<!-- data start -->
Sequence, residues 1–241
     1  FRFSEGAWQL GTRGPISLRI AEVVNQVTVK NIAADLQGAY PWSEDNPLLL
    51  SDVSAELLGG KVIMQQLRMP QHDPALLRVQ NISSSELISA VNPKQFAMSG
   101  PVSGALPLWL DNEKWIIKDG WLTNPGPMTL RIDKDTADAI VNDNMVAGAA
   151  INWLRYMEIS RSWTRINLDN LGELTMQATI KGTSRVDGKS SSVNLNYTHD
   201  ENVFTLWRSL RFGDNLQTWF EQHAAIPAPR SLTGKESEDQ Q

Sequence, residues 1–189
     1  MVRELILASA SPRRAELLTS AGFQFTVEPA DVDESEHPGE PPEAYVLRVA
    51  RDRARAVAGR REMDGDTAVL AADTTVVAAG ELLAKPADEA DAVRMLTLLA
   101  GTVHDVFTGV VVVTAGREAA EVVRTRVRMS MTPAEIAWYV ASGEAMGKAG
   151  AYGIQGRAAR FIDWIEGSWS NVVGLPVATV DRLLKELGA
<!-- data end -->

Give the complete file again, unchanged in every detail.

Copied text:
Sequence, residues 1–241
     1  FRFSEGAWQL GTRGPISLRI AEVVNQVTVK NIAADLQGAY PWSEDNPLLL
    51  SDVSAELLGG KVIMQQLRMP QHDPALLRVQ NISSSELISA VNPKQFAMSG
   101  PVSGALPLWL DNEKWIIKDG WLTNPGPMTL RIDKDTADAI VNDNMVAGAA
   151  INWLRYMEIS RSWTRINLDN LGELTMQATI KGTSRVDGKS SSVNLNYTHD
   201  ENVFTLWRSL RFGDNLQTWF EQHAAIPAPR SLTGKESEDQ Q

Sequence, residues 1–189
     1  MVRELILASA SPRRAELLTS AGFQFTVEPA DVDESEHPGE PPEAYVLRVA
    51  RDRARAVAGR REMDGDTAVL AADTTVVAAG ELLAKPADEA DAVRMLTLLA
   101  GTVHDVFTGV VVVTAGREAA EVVRTRVRMS MTPAEIAWYV ASGEAMGKAG
   151  AYGIQGRAAR FIDWIEGSWS NVVGLPVATV DRLLKELGA